This weekend I will be going to see the Darkest Hour, the new film about Winston Churchill’s leadership in 1940, when the Nazi conquest of Europe seemed to be complete and the United Kingdom stood alone. It has already been hailed as a masterpiece and nominated for several Oscars. My good friend and fellow MP, Nicholas Soames, who is Winston Churchill’s grandson, says that Gary Oldman’s performance as his grandfather is “magnificent”.
The Darkest Hour is the latest in a long line ofbooks and films about Winston Churchill’s leadership during the Second World War. Every year seems to bring a new one. Why do we find this episode so compelling and the character of Churchill so magnetic? After all, it also tells us of a country on the brink of defeat after a string of disasters in Norway and northern France. And Churchill was a deeply flawed man, responsible for some calamitous decisions at other points in his career and comprehensively rejected by the British people in the 1945 election, as the war drew to close.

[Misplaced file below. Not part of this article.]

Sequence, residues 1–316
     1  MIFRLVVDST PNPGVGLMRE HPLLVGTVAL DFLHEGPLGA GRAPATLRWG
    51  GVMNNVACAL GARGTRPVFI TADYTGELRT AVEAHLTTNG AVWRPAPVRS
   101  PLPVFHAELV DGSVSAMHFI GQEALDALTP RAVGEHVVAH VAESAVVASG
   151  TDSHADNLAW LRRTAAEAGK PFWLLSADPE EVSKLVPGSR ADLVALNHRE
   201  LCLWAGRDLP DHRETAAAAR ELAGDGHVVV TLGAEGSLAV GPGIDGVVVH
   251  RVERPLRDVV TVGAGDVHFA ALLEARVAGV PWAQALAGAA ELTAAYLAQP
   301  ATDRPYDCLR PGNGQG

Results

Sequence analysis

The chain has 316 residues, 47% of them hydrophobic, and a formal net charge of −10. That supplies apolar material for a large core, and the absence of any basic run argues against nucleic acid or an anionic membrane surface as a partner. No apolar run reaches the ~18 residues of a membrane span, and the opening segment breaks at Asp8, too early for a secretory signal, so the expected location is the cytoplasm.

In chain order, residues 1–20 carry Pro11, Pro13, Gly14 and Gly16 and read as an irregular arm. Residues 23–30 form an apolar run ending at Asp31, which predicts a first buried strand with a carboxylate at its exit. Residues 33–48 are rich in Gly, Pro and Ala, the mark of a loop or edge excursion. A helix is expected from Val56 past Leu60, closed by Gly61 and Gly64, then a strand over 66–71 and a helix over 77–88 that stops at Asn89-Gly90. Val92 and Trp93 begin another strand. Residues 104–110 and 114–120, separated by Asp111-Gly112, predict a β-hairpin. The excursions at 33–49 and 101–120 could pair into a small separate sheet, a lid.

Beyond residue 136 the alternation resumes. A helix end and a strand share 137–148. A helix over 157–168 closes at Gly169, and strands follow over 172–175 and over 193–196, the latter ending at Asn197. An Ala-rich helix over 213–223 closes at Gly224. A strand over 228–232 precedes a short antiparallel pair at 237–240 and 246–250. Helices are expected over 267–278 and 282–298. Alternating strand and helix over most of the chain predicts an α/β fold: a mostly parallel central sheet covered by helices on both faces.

The reason, I believe, is this. 1940 was one of those rare moments when history came to a fork in the road and one man made a fateful choice that will forever shape the history of the world. Most of history is, as the saying goes, “one damn thing after another” – an endless series of more or less random events in which the decisions of our so-called leaders are either inevitable or irrelevant. But in the Cabinet discussions of 1940, when the possibility of negotiating peace with Hitler was being actively promoted, Britain stood on the brink. The decision to fight on alone was neither irrelevant nor inevitable. If any other person had been Prime Minister at that moment, the country might have resigned itself to defeat and Adolf Hitler might have gone on to win the war. But Churchill knew his own mind, and had an instinctive connection with the people he led. He used the simple tools of oratory to tell the British people a story of defiance and resolve that echoed in their souls and gave them strength.
Centuries may pass before there is another act of leadership the equal of Winston Churchill’s in 1940. In a thousand years, it may still be seen as the greatest moment in our history. We will never tire of hearing it retold.